The a frame you pictured is free standing and comes in several models and size. one of the best you may get. I say this as I have used one or well about 5 for about 30 yrs. I have 2,4,6, person and the newer one called TimberLine SQ. Very nice. U need to get a tent that is self supporting if u or not "into" tents and if u are u don't need help. For warm weather I like the REI Half Dome.
quincypair on 7/15/2012 12:39pm
We now have a 4 person REI tent as well as the 2 person half dome. The 4 person is when we have our grandkids with us -- it's big enough for an adult and kids 2,6, 10 years old. Our half dome has been through a lot more rainstorms -- most recently a 9 hour, occasionally driving rain -- and it continues to keep us dry. The mesh is fine enough to keep out no see-ums. It will be tested in two months when we will be doing the Missouri River in Montana and have been warned to bring a tent with the smallest netting. The opening at each end of the tent is a great bonus, particularly when one person wants to stay up until the campfire embers burn down and the other ready to hit the sack, or conversely when one persons gets up at the crack of dawn and the other needs 8 hours of sleep.

Having camped across part of the country, the benefits of tent camping have become more apparent to us. In many areas where one paddles, there are smaller tenting areas or primitive camp sites which can only accomodate tents. This gives one more options since fully supplied camping sites don't prohibit campers (except where there is nothing on the site but a concrete slab). There is more likely openings at primitive camp sites than full campgrounds in busy camping seasons. And tent sites and primitive camp sites are often cheaper.
quincypair on 3/6/2012 9:10am
Our Rei Half Dome has withstood over an hour long North Florida deluge without a drop getting in, is quick to assemble and take down, light (a little over 5 pounds) and is compact enough to fit into our kayak hatches with a backbacking sleeping bag and mattress pad. There are two entrances -- unusual for small tents, but very convenient if you need to use the bathroom at night. A footprint (tent cloth to put under the tent) is essential and sold separately from tent. For warmer nights, remove the rainfly, or if privacy is desired, pull open the two (his and hers) rainfly to allow two way ventilation and keep the dome and other two sides covered. Rei periodically has this tent and the 4 person on sale. REI guarantees all their products.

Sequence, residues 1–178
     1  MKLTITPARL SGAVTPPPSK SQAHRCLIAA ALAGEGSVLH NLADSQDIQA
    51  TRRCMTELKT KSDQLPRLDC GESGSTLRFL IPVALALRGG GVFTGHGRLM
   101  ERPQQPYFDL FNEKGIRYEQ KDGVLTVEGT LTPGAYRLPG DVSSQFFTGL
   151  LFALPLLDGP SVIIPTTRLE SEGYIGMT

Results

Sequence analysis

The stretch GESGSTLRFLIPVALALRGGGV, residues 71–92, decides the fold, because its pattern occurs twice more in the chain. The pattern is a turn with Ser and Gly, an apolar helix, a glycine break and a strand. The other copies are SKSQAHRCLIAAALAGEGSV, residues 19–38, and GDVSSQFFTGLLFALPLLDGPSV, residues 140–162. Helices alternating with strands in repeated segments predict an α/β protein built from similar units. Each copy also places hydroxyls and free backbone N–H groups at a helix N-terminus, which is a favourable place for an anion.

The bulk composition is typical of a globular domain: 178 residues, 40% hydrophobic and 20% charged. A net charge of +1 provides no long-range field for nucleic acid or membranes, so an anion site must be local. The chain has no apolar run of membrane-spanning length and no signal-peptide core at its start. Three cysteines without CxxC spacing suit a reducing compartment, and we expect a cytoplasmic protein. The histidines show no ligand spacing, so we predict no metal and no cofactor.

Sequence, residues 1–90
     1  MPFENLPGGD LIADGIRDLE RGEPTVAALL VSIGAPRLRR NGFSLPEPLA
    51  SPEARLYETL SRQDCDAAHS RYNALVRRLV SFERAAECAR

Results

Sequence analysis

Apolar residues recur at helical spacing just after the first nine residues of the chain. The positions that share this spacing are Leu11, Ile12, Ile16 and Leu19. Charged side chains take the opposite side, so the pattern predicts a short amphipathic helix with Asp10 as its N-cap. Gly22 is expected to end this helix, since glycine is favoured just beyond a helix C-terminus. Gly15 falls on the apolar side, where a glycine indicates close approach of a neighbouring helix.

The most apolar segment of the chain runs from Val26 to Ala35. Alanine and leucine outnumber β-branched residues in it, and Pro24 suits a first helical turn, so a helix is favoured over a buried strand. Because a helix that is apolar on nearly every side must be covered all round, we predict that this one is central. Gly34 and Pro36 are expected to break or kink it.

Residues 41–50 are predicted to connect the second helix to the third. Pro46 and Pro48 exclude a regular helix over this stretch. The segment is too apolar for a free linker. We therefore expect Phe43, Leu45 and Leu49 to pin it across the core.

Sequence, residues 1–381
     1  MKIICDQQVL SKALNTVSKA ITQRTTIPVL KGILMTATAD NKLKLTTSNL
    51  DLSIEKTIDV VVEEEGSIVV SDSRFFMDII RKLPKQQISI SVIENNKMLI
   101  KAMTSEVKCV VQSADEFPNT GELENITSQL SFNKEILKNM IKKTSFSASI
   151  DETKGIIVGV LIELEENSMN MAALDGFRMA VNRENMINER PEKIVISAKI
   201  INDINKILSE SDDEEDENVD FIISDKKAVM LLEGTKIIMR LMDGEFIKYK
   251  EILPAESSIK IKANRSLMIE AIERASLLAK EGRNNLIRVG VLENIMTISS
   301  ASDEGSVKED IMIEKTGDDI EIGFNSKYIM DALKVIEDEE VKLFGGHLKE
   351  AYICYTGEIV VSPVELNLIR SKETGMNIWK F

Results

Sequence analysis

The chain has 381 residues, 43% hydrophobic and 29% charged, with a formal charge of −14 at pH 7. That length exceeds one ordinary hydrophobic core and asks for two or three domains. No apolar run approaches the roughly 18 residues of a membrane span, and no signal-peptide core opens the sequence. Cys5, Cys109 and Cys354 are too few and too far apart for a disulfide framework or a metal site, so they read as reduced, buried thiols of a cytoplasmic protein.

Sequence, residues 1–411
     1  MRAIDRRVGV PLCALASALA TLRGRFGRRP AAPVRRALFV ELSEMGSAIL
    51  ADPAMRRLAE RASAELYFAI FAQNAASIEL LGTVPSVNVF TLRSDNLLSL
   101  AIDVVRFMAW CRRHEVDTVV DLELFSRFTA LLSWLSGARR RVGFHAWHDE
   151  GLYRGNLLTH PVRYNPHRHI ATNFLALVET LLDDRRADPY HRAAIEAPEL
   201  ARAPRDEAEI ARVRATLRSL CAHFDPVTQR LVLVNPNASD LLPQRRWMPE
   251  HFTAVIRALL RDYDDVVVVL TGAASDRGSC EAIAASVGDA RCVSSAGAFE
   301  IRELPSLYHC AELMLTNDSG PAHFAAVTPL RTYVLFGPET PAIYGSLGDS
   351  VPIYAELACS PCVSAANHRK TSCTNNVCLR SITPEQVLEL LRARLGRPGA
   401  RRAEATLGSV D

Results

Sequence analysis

mangusfl on 2/19/2011 3:57pm
First rule of not cursing your tent is stay away from places that do not deal with camping as a major focus such as the Wal-Mart as even name brand there tend to be sub standard models if space is critical a bivy or a quality pup tents will best fit your needs but if you got space a dome is better as you be able to stand up in the middle if you got even more and plan to live in it for a few days or more I highly recommend the tent I bought for my medieval events which last up to two weeks so I chose the eureka copper cannon after a series of bad tents while this is not a dome but a 10x10 room tent and has worked flawlessly in the past two years standing strong with several domes went flying.
However this is due to proper staking in stand our state soil I recommend you carry sand spike which are spiral and identical to dog spikes so if you canít find then they work as well plus for harder soil the strait heavy spikes and if you going to camp on a wood platform bring rope for tie downs. As far as 4 season tents there best used in colder camping areas as they become sweet logesí in places like Florida